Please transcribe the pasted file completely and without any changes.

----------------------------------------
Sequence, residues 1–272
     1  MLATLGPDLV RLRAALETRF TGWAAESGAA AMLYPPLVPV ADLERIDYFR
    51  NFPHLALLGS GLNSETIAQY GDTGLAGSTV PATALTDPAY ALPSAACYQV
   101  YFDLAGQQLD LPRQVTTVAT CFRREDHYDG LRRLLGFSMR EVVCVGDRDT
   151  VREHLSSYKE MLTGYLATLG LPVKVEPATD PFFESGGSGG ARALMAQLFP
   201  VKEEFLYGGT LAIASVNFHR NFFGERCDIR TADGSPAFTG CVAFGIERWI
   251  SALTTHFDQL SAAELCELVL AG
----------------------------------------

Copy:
Sequence, residues 1–272
     1  MLATLGPDLV RLRAALETRF TGWAAESGAA AMLYPPLVPV ADLERIDYFR
    51  NFPHLALLGS GLNSETIAQY GDTGLAGSTV PATALTDPAY ALPSAACYQV
   101  YFDLAGQQLD LPRQVTTVAT CFRREDHYDG LRRLLGFSMR EVVCVGDRDT
   151  VREHLSSYKE MLTGYLATLG LPVKVEPATD PFFESGGSGG ARALMAQLFP
   201  VKEEFLYGGT LAIASVNFHR NFFGERCDIR TADGSPAFTG CVAFGIERWI
   251  SALTTHFDQL SAAELCELVL AG